On the Concept of a Good Death

Martin Luther once said, “Every man must do two things alone: he must do his own believing and his own dying.” A number of profound concepts are embedded in that statement, starting with the unavoidable entanglement between beliefs and the process of dying. Also noteworthy is the explicit recognition of dying as a verb and the assertion that it is something that we do rather than something that happens to us. More

Cost Shifting and the Desert Island Paradox

In 1964, an eclectic group of seven strangers set out on what was to be a three-hour sightseeing excursion, only to become shipwrecked on a seemingly deserted island. Through syndication and reruns, the seven hapless castaways of Gilligan’s Island appear in our living rooms over 50 years later, still stranded but apparently none the worse for wear. At first glance, the passengers and crew of the SS Minnow would not appear to offer lessons related to health care pricing, but a closer... More

Kicking the Can down the Road: Musings from a Farmer’s Market

A few years ago, I ran into an old high school classmate at a Sunday farmer’s market. We were in our mid-50s at the time and he excitedly told me that he was retiring from his teaching job, adding that 30 years was long enough to work and it was time to retire. More

The Dust Has Yet to Settle on Health Care Reform

It’s the end of the world as we know it. Buckle up, this is only the beginning. Who knew health care could be so complicated? More

Why Monitor a Problem If You Don't Fix It?

When I think about how most hospitals audit their work processes, a favorite commercial comes to mind: the LifeLock™‘Bank’ TV spot. It begins with several armed robbers entering a bank filled with people. The robbers tell bank customers and employees to drop to the floor, but the security “monitor” remains standing. One of the customers looks up and whispers, “Hey, do something.” He responds, “Oh, I’m not a security guard, I’m a... More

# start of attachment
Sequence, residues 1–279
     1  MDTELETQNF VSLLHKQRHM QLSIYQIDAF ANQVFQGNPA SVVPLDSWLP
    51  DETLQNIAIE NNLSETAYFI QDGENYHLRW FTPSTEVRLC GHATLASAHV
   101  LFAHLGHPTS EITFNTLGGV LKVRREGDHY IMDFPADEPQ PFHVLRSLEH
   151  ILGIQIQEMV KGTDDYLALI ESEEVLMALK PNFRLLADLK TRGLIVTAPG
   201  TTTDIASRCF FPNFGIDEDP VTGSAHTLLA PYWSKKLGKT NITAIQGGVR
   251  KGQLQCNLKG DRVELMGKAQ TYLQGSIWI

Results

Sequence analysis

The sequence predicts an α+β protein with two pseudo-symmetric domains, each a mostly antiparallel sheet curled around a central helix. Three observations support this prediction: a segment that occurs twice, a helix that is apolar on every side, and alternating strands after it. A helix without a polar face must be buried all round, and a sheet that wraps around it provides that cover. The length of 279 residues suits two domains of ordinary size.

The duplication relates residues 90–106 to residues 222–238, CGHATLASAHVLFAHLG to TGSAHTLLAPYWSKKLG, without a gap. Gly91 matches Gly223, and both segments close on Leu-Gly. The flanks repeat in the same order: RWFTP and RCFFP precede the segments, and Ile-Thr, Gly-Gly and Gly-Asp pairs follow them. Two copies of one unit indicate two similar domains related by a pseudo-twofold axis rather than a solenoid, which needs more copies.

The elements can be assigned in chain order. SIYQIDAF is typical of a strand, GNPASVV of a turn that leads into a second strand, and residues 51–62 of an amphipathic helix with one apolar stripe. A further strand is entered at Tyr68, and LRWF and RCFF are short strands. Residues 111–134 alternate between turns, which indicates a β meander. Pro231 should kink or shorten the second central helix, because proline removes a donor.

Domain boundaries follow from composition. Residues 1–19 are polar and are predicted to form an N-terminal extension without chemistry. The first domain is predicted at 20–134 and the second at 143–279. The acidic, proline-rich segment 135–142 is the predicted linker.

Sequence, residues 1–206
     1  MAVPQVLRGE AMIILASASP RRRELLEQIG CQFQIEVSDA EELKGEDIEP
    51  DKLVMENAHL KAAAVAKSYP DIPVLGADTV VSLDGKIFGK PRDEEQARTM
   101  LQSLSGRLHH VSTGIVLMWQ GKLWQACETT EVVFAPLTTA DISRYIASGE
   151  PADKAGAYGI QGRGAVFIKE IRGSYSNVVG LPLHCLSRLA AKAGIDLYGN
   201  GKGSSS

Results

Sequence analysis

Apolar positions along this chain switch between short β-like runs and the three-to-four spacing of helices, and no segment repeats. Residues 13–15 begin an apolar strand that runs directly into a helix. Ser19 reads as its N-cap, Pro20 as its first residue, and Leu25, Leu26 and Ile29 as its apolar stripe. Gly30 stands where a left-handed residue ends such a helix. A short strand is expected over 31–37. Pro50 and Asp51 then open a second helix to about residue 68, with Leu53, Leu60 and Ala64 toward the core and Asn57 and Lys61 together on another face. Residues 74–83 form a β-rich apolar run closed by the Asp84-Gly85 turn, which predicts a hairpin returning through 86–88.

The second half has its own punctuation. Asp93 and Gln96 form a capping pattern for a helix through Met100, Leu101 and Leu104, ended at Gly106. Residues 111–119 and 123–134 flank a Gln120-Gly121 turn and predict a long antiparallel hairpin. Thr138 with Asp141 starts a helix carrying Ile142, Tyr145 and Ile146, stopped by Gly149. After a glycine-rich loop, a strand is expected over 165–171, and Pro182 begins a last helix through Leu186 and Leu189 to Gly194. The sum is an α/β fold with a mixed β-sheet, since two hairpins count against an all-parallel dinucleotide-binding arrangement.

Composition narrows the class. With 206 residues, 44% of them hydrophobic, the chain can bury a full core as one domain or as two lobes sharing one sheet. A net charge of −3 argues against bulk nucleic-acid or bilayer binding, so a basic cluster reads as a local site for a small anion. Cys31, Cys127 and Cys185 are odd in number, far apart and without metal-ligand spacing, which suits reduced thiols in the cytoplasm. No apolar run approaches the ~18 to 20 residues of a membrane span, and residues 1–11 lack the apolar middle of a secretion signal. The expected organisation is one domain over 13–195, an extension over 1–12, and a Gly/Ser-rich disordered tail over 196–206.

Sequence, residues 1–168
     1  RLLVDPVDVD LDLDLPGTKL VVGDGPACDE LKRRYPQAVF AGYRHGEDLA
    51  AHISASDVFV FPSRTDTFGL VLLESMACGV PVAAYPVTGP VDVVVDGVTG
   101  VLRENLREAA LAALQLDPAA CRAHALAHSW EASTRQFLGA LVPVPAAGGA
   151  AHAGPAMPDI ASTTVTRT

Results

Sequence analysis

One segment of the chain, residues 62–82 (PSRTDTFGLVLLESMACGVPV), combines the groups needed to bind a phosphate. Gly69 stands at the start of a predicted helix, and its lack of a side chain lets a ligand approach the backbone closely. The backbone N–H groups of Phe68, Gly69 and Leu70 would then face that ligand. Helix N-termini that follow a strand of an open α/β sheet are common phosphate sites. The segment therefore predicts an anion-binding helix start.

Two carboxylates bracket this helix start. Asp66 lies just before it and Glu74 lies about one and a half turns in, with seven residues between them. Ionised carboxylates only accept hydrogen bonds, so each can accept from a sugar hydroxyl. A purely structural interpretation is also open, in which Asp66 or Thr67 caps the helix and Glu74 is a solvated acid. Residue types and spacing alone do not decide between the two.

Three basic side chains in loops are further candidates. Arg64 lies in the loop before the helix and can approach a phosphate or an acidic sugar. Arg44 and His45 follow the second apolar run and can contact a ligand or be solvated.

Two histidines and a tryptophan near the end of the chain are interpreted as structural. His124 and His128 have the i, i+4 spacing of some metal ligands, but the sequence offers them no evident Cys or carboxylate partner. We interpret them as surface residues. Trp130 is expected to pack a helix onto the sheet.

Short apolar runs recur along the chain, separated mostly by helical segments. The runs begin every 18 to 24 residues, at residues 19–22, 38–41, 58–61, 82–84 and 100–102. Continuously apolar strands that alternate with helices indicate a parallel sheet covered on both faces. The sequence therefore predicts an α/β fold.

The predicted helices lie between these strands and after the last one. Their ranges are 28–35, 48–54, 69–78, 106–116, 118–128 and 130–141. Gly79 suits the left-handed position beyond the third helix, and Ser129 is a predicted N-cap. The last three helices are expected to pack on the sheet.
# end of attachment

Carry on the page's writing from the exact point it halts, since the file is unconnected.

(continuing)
Hamburgers and Health Care: The Power of a Brand

It’s interesting to think about the industrial engineering and almost fanatical insistence on consistency that goes into the production of something as inconsequential as a hamburger or a can of soda, and to contrast that with our tolerance for variation in the treatment of cancer or the use of high-cost imaging in the diagnosis of back pain. Two of the top five worldwide brands outside of the technology sector are McDonald’s and Coca-Cola, valued at $39 billion and $58 billion,... More

The Difficult Reality of Repealing the ACA

Repealing and replacing the Affordable Care Act (ACA) has been a unifying, and politically potent talking point for Republicans on the campaign trail, since the law was passed nearly seven years ago. Beyond the campaign, opposition to the law in Congress by the GOP has been ubiquitous. But with President Obama wielding the power of veto, there had been very few real legislative threats to the law’s underpinnings. That all changed in November.  More

RSNA 2016: Beyond Imaging - The AI Will Read Your Images Now

No two words struck more fear into the hearts of radiologists in 2016 than “artificial” and “intelligence,” unless you added “deep learning” to the mix. Some radiologists have expressed concern that big imaging data could continue feeding the deep-learning beast to the point where computing power becomes robust enough to replace the radiologist entirely. More

Penguins and Policy: Listening through the Noise

Emperor penguins congregate on desolate stretches of packed ice in colonies comprised of tens of thousands of birds – some colonies are estimated to reach 50,000 breeding adults. Before an egg hatches, a mating pair alternates between searching for food and keeping the egg off of the ice, balancing it on their feet. Upon returning from feeding, one member of the pair must find their partner, often in a blizzard, to exchange roles. Once a chick can maintain its own body temperature, both... More

5 Ways to Tame the Contract Labor Beast

In December 2014, the U.S. Department of Health and Human Services released a study stating that by 2025 the supply of registered nurses would outpace the demand by approximately 240,000 full-time equivalents. Regardless of your opinion of this analysis, I think we can all agree that as we kick off 2017, we are in the midst of a nurse staffing shortage. More